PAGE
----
Daewoo Precision Industries K5
|Daewoo Precision Industries K5|
A commercial DP51 version of the K5 9mm service pistol
|Place of origin||Republic of Korea|
|Used by||See Users|
|Wars||Global War on Terrorism|
|Designer||Daewoo Precision Industries|
|Mass||734 g (25.9 oz) DP51|
751 g (26.5 oz) DP51 MKII
686 g (24.2 oz) DP51C
|Length||178 mm (7.0 in) DP51 (MKII)|
177.8 mm (7.0 in) DP51C
|Barrel length||104.14 mm (4.1 in)DP51 (MKII)|
91.14 mm (3.6 in) DP51C
|Width||33.5 mm (1.3 in)|
|Height||125 mm (4.9 in) DP51 (MKII)|
118 mm (4.6 in) DP51C
|Effective firing range||50 m (55 yd)|
|Feed system||13- or 15-round magazine DP51 (MKII)|
10-round magazine DP51C
Also accepts 10-, 13-, 14- or 15-round S&W 5906 magazines, but they will protrude out from the magazine well.
The K5 was introduced in 1989. It is recoil operated and uses a conventional Browning-type locking system. It is mostly carried by Commissioned Officers in the Republic of Korea Armed Forces.
The K5 is a compact, lightweight pistol with an unconventional trigger mechanism called "fast action". The frame is made of forged 7075-T6 aluminum alloy with a matte anodized finish, while the slide is constructed out of forged 4140 steel with a matte finish. The barrel is made of forged 4150 steel with a 254 mm (10.0 in) (6 grooves) right twist.
The pistol features an unusual "fast action" trigger mechanism which allows the hammer to be decocked while still keeping the mainspring compressed. The "fast action" (also known as Triple Action, and most recently known as Double Action Plus+) mode allows the trigger travel of the double-action mode and the trigger weight of single-action mode. This allows a more accurate first shot due to the lighter weight of the trigger. It is also safer due to the longer trigger travel required to fire the pistol. A light pull on the trigger causes the hammer to flick back, after which the pistol would behave in conventional single-action mode. The pistol can also be fired in traditional double and single-action modes.
The factory double-column type box magazines hold 13 or 15 rounds for the full size variant or for the compact variant 10 rounds. Smith & Wesson 59-series magazines are known to be compatible with the DP51 but will protrude slightly. The magazine release is of the push button type.
The pistol has three-dot iron sights. The safety consists of an ambidextrous safety external safety and a passive firing pin block which (as its name implies) blocks the firing pin from moving forward unless the trigger is pulled.
The handgrip panels are made of one piece polymer.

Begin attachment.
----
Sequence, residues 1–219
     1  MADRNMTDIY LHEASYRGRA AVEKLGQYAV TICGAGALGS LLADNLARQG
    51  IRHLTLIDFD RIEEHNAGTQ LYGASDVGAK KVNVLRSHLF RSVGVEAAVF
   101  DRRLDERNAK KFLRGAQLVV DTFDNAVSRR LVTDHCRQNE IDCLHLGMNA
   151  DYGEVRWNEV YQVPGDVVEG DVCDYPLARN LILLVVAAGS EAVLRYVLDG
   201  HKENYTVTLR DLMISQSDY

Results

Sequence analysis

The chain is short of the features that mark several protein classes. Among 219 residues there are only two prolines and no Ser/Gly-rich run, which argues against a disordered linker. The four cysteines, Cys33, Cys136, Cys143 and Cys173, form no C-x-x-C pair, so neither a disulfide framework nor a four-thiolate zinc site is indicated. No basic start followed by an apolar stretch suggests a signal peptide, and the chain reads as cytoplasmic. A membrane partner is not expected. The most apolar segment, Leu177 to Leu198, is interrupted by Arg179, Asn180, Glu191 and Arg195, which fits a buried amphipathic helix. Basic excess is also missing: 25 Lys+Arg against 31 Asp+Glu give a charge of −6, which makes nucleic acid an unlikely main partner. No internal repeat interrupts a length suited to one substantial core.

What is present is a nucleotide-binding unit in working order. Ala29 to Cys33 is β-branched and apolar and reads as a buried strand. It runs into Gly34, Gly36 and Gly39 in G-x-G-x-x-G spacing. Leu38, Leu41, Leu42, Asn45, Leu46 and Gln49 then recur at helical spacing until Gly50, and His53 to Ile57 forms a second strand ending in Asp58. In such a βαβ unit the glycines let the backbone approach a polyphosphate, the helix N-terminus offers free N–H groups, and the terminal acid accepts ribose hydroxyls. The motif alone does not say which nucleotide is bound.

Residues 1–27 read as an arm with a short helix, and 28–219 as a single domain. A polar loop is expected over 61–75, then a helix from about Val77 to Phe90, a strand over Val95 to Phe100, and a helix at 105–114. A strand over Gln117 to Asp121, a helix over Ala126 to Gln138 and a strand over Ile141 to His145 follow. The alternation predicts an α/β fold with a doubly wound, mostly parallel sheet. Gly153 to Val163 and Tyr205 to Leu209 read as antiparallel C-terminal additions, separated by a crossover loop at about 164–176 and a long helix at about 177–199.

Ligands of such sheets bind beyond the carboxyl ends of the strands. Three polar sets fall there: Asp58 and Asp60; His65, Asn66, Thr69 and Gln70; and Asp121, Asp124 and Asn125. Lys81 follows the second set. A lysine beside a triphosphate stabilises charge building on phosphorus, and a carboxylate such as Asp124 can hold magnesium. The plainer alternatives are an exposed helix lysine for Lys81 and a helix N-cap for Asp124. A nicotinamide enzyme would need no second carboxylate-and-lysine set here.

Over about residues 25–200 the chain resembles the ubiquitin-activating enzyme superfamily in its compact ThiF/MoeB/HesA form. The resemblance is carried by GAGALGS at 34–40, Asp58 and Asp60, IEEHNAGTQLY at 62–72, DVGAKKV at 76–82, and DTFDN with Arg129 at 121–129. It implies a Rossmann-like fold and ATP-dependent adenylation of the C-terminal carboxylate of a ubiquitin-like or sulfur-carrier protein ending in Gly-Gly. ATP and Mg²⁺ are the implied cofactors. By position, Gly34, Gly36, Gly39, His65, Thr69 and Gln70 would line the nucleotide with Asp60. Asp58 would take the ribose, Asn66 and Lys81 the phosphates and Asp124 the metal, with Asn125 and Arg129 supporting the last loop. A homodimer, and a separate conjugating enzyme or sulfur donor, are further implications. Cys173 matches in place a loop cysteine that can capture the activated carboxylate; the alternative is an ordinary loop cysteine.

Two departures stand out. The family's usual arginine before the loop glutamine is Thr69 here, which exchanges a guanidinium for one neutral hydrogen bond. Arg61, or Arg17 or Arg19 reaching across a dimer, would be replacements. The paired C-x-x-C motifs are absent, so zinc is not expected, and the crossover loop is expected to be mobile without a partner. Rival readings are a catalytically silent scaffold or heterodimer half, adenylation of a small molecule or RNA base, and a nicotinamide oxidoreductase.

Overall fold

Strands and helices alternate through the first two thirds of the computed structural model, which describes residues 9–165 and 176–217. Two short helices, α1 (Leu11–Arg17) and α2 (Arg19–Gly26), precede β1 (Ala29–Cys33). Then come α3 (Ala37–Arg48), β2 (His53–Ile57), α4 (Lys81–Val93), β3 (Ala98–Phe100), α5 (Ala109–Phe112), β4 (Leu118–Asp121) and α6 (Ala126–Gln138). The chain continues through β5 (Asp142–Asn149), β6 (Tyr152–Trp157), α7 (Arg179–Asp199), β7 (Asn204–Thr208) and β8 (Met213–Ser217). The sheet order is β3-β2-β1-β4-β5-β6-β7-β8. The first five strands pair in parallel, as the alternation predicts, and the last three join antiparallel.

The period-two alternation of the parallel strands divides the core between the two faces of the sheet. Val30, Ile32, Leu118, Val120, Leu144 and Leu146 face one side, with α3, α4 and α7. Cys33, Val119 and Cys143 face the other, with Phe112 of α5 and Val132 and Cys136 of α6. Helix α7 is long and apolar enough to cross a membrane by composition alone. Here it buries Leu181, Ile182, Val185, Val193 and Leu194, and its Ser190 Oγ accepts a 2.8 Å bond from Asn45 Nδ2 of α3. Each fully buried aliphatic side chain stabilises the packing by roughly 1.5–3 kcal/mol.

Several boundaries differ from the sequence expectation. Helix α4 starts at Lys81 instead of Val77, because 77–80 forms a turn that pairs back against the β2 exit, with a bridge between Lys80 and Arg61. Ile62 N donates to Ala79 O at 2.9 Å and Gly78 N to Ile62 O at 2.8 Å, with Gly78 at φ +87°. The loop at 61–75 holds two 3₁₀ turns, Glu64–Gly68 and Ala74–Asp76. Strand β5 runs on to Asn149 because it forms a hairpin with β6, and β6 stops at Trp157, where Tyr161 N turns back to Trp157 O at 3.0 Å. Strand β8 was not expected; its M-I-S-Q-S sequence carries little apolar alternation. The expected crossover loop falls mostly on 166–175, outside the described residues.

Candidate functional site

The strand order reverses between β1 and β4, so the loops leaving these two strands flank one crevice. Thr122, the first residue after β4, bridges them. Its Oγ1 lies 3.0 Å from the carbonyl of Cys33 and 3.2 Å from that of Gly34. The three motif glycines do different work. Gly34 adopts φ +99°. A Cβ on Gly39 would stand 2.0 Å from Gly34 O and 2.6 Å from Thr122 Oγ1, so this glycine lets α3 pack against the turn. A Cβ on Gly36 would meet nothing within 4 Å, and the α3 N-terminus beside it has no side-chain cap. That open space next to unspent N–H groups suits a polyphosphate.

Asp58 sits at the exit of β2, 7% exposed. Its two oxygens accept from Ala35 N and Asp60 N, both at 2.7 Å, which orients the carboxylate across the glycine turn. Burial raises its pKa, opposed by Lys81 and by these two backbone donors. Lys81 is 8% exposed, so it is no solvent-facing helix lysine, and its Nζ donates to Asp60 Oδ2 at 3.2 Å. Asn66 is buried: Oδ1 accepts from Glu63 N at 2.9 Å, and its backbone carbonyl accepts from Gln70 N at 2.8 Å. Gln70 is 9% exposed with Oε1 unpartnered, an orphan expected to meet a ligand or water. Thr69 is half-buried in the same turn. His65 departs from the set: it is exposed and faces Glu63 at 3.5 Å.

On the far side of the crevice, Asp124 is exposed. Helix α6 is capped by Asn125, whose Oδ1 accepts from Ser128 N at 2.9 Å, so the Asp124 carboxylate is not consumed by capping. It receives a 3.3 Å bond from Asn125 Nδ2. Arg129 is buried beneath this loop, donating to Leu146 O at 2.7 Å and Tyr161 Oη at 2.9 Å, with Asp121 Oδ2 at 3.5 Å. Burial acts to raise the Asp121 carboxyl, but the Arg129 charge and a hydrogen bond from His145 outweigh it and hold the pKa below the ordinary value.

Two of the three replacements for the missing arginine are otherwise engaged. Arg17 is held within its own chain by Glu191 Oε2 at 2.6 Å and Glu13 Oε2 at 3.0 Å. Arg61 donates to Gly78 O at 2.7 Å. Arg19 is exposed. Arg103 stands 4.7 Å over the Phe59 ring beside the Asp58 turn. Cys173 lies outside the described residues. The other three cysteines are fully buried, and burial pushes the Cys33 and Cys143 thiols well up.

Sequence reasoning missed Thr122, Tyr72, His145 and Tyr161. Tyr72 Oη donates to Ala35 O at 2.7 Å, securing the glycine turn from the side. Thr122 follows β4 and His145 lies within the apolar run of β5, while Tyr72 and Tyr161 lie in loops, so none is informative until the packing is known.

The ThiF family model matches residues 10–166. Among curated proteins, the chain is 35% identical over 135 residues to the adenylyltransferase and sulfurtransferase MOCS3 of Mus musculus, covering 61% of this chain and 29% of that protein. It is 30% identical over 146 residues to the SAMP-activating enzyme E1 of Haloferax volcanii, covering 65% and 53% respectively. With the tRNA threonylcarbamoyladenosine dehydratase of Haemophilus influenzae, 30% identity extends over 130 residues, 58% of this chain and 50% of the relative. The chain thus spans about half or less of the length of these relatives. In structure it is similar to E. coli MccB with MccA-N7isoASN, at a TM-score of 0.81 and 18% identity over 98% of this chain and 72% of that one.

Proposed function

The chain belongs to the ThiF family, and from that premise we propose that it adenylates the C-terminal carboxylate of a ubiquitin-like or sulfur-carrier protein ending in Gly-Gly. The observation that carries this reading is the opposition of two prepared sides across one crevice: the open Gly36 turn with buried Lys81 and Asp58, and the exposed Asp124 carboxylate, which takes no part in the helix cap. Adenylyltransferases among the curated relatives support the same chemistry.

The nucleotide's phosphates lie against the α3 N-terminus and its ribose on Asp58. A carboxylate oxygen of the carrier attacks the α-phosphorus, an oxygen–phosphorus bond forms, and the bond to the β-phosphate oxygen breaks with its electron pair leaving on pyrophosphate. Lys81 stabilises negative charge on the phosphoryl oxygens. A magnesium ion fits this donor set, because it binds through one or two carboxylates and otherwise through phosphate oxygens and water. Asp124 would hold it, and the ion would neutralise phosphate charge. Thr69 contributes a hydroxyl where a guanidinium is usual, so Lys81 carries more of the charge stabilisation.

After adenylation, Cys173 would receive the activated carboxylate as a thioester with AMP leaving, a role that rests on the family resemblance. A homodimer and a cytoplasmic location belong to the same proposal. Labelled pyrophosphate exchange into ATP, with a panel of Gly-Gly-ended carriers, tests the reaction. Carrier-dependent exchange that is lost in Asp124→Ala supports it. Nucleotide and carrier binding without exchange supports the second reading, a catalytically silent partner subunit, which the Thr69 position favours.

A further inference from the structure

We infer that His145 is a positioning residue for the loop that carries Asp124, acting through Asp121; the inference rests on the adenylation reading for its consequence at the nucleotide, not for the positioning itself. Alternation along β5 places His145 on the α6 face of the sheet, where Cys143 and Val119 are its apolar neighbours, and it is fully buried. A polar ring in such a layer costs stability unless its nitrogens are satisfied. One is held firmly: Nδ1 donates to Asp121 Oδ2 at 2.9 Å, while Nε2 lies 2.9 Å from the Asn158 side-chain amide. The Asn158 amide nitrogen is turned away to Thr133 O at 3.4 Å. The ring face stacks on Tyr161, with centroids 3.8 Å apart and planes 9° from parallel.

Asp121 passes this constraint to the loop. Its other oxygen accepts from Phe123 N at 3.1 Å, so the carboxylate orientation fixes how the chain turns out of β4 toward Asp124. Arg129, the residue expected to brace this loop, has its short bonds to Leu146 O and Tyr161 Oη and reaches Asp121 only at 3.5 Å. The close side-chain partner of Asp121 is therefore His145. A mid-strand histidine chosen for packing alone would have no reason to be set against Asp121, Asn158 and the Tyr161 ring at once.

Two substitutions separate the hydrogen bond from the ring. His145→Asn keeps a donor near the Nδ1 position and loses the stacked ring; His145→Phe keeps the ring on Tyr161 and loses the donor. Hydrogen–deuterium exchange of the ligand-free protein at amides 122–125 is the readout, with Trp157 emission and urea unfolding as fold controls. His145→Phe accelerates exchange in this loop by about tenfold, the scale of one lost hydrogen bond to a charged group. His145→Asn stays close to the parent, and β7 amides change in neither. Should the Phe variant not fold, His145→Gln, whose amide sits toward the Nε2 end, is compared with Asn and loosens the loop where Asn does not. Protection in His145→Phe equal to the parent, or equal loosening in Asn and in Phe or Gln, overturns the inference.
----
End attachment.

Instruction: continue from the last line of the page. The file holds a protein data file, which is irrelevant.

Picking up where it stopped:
The K5 was marketed commercially in the United States between the early to late 90's through various importers, including FirstShot, Inc., Kimber of America, Inc., B-West Imports, Inc., and Davidsons, Inc. as the DP51, with a compact version known as the DP51C and .40 S&W caliber version known as the DH40. It is most recently reintroduced through collaboration between Daewoo (now S&T Motiv) and Lionheart Industries of Redmond, WA in 2011 as the LH9, LH9C, and LH9 MKII (amongst other variants), featuring numerous updates including a redesigned hammer, wider slide serrations with added serrations to the front of the slide, redesigned grips, Cerakote finish, and optional Picatinny rail (as the MKII). The internal design and basic functions remain identical to the original and all the parts interchange between the original and the Lionheart variants.
- XK5: Experimental prototype.
- K5: Standard mass-produced variant.
- DP51: Commercial version of K5.
- DP51S: Semi-compact version with compact slide and full-sized frame.
- DP51C: Compact version of DP51.
- DH40: Commercial version of K5 chambered in .40 S&W.
- DH45: Commercial version of K5 chambered in .45 ACP.
- LH9: Updated Version of the DP51 introduced by Lionheart Industries in 2011.
- LH9C: Compact version of the LH9.
- LH9 MKII: LH9 equipped with integral picatinny rail.
- DP51: Commercial version of K5.
- Bangladesh: SWADS[verification needed]
- Guatemala: Purchased in 2011.[verification needed]
- Indonesia: Purchased in 2011.[verification needed]
- South Korea: Standard sidearm.
- Singapore: Singapore Armed Forces Commando Formation (CDO FN)
- North Macedonia: Macedonia Armed Forces
- "S&T Motiv-About S&T-Business-Defence Business". www.sntmotiv.com.
- "A Look at the Obscure Daewoo DP-51 K5". 12 December 2012.
- "Business Outline, Defense Business". S&T Daewoo. Archived from the original on 2010-02-06. Retrieved 2010-07-01.
- "Modern Firearm's Daewoo DP-51 / K5 pistol". Archived from the original on 2008-10-08. Retrieved 2008-10-30.
- "Bangladesh Military Forces – BDMilitary.com - Bangladesh's largest military, security & intelligence portal since 2005". www.bdmilitary.com.
- "[파워 경제인] 김택권 S&T대우 대표". 서울경제. 2011-09-15. Archived from the original on 2016-01-12.
- Southby-Tailyour, Ewen (2005). Jane's Special Forces Recognition Guide. London: Janes. ISBN 978-0-00-718329-6.
- Hogg, Ian (2000). Jane's Guns Recognition Guide Second Edition. Glasgow: Janes. ISBN 978-0-00-472453-9.
|Wikimedia Commons has media related to Daewoo K5.|
- S&T Daewoo Homepage
- US Distributor Lionhart Industries Homepage
- Modern Firearms, World Guns, Daewoo DP-51 / K5 pistol (Republic of Korea / South Korea)
- Gun Review: Lionheart LH9 By Nick Leghorn on March 4, 2013
- Gun Review: Lionheart LH9 – Take 2 By Joe Grine on May 31, 2013
- Proper lineage: a review of Lionheart’s LH9 Aaron Cowan April 30, 2014